(AP) – The Dow Jones Industrial Average fell more than 900 points on Friday as another strong tech-led selloff added to Wall Street’s losses in April, leaving the S&P 500 with its biggest monthly slippage since April. start of the pandemic.
The benchmark S&P 500 fell 3.6% and ended April with an 8.8% loss, its worst monthly decline since March 2020. The Dow Jones fell 2.8%.
The Nasdaq composite, heavily weighted in tech stocks, took the brunt of the damage this month, ending April with a 13.3% loss, its biggest monthly drop since the 2008 financial crisis.
A sharp drop in Amazon weighed on the market after the internet retail giant posted its first loss since 2015.
Major indexes have oscillated between declines and rallies throughout the week as the latest round of corporate earnings hit the market with a bang. Investors scrutinized a particularly heavy batch of financial results from big tech companies, industrial companies and retailers.
The volatile week caps off a dismal month for stocks as traders worry about the harsh remedy the Federal Reserve is using in its fight against inflation: higher interest rates. This will increase borrowing costs across the board for people buying cars, using credit cards and taking out mortgages to buy homes.
The S&P 500 fell 155.57 points to 4,131.93. The Dow fell 939.18 points to 32,977.21. The Nasdaq slipped 536.89 points to 12,334.64.
Big Tech led the market lower all month, with traders avoiding the high-flying sector. The tech had made gigantic gains during the pandemic and is now starting to look overvalued, especially with interest rates set to rise sharply as the Fed steps up its fight against inflation.
Internet retail giant Amazon fell 14%, one of the biggest declines in the S&P 500, after reporting a rare quarterly loss and giving investors a disappointing earnings forecast. Amazon’s weak update comes as Wall Street worries about a potential slowdown in consumer spending as well as rising inflation.
Prices for everything from food to gasoline have risen as the economy recovers from the pandemic and there has been a big disconnect between higher demand and lagging supplies. Russia’s invasion of Ukraine has only heightened inflation concerns as it drives up the prices of oil, natural gas, wheat and corn.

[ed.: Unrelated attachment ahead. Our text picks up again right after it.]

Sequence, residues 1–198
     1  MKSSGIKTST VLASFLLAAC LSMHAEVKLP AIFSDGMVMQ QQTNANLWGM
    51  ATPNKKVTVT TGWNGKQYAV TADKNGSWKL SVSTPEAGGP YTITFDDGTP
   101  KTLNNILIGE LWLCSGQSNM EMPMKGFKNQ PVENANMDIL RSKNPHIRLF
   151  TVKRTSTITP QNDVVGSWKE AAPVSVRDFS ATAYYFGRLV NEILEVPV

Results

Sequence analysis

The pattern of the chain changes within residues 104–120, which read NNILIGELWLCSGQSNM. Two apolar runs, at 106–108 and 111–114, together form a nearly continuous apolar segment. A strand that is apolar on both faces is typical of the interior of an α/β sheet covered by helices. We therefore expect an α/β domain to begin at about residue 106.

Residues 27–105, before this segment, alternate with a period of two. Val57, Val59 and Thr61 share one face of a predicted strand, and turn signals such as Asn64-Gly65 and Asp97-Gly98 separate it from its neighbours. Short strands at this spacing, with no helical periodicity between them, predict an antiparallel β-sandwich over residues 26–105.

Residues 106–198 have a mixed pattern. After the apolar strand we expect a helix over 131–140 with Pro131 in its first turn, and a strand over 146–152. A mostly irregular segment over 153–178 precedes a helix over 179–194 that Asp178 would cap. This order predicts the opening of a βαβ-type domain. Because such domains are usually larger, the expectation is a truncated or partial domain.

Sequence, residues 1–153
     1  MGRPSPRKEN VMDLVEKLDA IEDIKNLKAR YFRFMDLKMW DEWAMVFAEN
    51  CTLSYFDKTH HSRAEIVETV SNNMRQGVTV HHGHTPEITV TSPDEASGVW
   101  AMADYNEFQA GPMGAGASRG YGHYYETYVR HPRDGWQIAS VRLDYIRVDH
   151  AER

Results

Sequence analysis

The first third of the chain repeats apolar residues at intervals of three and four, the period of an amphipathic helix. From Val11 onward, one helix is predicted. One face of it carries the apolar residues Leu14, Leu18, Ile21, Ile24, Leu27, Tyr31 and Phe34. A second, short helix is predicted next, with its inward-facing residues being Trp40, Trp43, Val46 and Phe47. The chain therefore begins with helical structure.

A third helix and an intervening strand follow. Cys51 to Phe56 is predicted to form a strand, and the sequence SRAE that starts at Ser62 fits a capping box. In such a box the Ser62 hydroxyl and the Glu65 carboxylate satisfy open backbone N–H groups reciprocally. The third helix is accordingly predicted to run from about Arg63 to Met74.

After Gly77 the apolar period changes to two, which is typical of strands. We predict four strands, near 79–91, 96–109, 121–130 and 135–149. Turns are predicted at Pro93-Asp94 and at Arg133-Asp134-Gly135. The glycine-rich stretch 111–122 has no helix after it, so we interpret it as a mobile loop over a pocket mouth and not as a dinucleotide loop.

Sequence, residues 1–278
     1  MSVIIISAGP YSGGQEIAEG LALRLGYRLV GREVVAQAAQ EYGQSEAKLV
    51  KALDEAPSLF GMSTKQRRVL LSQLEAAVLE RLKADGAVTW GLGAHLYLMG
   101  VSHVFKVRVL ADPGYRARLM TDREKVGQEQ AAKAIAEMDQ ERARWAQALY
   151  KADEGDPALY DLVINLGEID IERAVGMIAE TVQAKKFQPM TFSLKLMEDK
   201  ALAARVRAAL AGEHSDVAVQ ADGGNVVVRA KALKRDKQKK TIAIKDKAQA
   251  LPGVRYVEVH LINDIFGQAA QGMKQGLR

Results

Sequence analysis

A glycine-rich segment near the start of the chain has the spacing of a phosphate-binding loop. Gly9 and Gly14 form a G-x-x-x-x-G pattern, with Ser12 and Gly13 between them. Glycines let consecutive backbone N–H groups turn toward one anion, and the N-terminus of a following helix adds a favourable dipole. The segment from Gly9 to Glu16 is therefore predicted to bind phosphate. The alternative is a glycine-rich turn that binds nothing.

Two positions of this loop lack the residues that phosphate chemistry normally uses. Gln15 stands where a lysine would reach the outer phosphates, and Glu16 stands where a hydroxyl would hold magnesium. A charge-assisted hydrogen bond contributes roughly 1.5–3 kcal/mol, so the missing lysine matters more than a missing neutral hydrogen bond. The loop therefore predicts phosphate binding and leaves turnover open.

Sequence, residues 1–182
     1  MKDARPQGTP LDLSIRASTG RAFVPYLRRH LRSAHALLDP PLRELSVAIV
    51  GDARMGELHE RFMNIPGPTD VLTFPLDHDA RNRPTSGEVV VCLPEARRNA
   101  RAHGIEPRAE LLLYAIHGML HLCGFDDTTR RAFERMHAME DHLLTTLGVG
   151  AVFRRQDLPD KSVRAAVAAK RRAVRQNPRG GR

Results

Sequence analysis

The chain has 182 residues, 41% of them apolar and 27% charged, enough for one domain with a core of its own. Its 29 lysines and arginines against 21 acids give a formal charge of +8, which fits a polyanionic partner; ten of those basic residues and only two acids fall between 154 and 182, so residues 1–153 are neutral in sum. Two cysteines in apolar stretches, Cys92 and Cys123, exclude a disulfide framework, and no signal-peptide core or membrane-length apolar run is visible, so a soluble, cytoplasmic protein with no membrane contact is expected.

The Commerce Department reported Friday that an inflation indicator closely watched by the Federal Reserve jumped 6.6% in March from a year ago, the highest 12-month jump in four decades and further proof that soaring prices are putting pressure on household budgets and the health of the economy.
The latest report on rising US inflation follows a report by statistics agency Eurostat which showed inflation hit a record high in April of 7.5% for the 19 countries that use the euro.
Bond yields rose on hot inflation readings. The yield on the 10-year Treasury rose from 2.85% to 2.92%.
The persistent rise in inflation prompted central banks to raise interest rates to lessen the impact on businesses and consumers.
Much of the anxiety on Wall Street in April focused on how quickly the Fed will raise its benchmark interest rate and whether an aggressive round of hikes will dampen economic growth. The Fed chairman indicated that the central bank may raise short-term interest rates to double the usual amount in upcoming meetings, starting next week. It has already raised its overnight rate once, the first such increase since 2018, and Wall Street expects several big increases in the coming months.
Investors spent much of April shifting money from big tech companies, whose stock values benefit from low interest rates, to areas considered less risky. The S&P 500 consumer staples sector, which includes many home and personal goods makers, is on track to be the only sector in the benchmark to post gains in April. Other safe sectors, such as utilities, held up better than the broader market, while technology and communications stocks were among the biggest losers.
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